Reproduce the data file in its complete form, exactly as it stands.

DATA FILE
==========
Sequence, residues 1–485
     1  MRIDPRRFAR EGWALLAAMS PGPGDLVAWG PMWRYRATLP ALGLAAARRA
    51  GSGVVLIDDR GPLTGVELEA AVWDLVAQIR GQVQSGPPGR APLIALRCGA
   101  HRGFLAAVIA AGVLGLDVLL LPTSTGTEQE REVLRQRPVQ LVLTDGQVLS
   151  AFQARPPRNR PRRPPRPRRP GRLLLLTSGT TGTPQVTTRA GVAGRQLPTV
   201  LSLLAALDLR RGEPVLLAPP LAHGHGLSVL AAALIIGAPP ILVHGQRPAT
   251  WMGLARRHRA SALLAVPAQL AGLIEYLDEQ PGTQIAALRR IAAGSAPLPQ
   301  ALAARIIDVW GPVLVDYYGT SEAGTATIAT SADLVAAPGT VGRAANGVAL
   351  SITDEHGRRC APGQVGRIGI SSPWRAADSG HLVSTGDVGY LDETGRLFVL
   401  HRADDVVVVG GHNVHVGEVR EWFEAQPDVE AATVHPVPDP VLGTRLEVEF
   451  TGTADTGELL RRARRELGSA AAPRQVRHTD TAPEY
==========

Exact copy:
Sequence, residues 1–485
     1  MRIDPRRFAR EGWALLAAMS PGPGDLVAWG PMWRYRATLP ALGLAAARRA
    51  GSGVVLIDDR GPLTGVELEA AVWDLVAQIR GQVQSGPPGR APLIALRCGA
   101  HRGFLAAVIA AGVLGLDVLL LPTSTGTEQE REVLRQRPVQ LVLTDGQVLS
   151  AFQARPPRNR PRRPPRPRRP GRLLLLTSGT TGTPQVTTRA GVAGRQLPTV
   201  LSLLAALDLR RGEPVLLAPP LAHGHGLSVL AAALIIGAPP ILVHGQRPAT
   251  WMGLARRHRA SALLAVPAQL AGLIEYLDEQ PGTQIAALRR IAAGSAPLPQ
   301  ALAARIIDVW GPVLVDYYGT SEAGTATIAT SADLVAAPGT VGRAANGVAL
   351  SITDEHGRRC APGQVGRIGI SSPWRAADSG HLVSTGDVGY LDETGRLFVL
   401  HRADDVVVVG GHNVHVGEVR EWFEAQPDVE AATVHPVPDP VLGTRLEVEF
   451  TGTADTGELL RRARRELGSA AAPRQVRHTD TAPEY